But while employment in the private sector operates as a market, following the dynamics of supply and demand, and re-inventing roles to meet changing needs, the public sector is different. The jobs market is determined by a variety of factors including political choices and a degree of occupation engineering, as well as the basic needs of the population.
Nobody can doubt that public services are about to take the brunt of job losses in the coming months, but where the axe will fall is less predictable. 'The middle-tier skills may be the ones that disappear most,' says Baron. 'They will want to protect the front line and you always need strategic leadership. I think bodies will be looking to increase use of shared services such as record-keeping and payroll; everything that isn't front-line will be up for grabs.'
And some of the frontline jobs that have grown the most during the public spending boom may also be under threat. Teaching assistants doubled in number over 10 years; however, Steve Overell of the Work Foundation says: 'We've got used to having a teacher plus an assistant in every class, but will that continue?'
Most public sector roles such as doctors, nurses, teachers, refuse collectors or social workers are protected as they provide essential services, but we could find ourselves with fewer police and members of the armed forces; and non-essential services like street cleaning could be cut back drastically if things get bad enough.
On the whole, the changing nature of the jobs market could be seen broadly as a positive development, says Overell. 'It's easy to worry about crap jobs taking over from good ones, but in reality highly skilled jobs are growing fastest,' he points out. The highest job growth in recent years has been among high-skilled occupations classed as professionals, managers and associate professionals.
'The drive must be to create more "value adding" jobs, where value is created through innovation or creativity,' says Baron. Roles like assemblers, on the other hand, are exactly the kind of positions that can be easily offshored.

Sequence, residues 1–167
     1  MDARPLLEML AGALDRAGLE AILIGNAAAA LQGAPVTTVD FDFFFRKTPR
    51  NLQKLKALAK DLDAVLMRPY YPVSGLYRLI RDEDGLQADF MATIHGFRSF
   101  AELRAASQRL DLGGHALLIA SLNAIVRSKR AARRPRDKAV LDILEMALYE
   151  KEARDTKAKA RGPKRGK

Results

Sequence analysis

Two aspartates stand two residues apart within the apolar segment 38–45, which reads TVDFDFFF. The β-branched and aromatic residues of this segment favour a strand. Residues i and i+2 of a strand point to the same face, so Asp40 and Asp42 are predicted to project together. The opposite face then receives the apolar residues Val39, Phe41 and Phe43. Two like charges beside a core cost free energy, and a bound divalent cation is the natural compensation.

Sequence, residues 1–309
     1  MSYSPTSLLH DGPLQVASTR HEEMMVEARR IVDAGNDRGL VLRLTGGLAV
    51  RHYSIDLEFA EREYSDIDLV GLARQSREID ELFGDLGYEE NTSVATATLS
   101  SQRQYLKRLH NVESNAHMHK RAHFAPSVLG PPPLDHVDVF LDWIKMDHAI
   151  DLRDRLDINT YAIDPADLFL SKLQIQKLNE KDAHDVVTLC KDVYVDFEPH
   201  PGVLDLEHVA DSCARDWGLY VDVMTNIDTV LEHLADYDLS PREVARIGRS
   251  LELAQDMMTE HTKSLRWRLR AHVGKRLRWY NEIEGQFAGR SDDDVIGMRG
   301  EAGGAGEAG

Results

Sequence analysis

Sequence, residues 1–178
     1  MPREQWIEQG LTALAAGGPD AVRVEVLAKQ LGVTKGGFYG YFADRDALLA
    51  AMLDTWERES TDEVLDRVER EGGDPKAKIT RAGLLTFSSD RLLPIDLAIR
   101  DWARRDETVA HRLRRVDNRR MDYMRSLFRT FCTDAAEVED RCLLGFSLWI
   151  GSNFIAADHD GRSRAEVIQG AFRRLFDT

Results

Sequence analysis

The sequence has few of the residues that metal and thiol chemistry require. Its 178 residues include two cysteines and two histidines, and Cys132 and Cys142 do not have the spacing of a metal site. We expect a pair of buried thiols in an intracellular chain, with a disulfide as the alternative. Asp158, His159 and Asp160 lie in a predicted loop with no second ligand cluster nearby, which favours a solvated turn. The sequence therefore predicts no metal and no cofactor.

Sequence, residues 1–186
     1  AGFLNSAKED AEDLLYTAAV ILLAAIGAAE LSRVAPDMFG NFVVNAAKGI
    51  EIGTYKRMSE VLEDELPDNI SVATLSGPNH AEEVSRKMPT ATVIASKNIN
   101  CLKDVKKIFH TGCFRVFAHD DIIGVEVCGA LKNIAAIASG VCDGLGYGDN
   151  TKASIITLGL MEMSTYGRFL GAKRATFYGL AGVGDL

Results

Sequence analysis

There are concerns, though, that Britain's jobs market could become polarised between a minority of highly skilled jobs at the top and a large number of low-skilled people at the bottom, providing the services needed by the elite. In such an 'hourglass' scenario, it is the middle-ranking, middle-skilled jobs that would be mainly lost, as overseas competitors make ever greater inroads into our employment market.
However, Andrew Curry, a director at trends and futures consultancy the Futures Company, takes a more contrarian perspective. 'We take a strong view that there will be energy shortages and higher prices over the next decade and this will have a number of consequences, one of which will be that companies will start to think what they can do closer to home. So there may actually be more assembly done locally. We could also see more food produced closer to home, which would mean more people working in agriculture after years of decline.'
As the dust settles from the recession, what does all this mean for tomorrow's job hunter? Two simple conclusions are that tomorrow's jobs will be different from today's; and that the more highly qualified you are, the more options will be open to you. And selling buy-to-let mortgages or pinning your future on becoming a social inclusion officer might not be such a bright idea.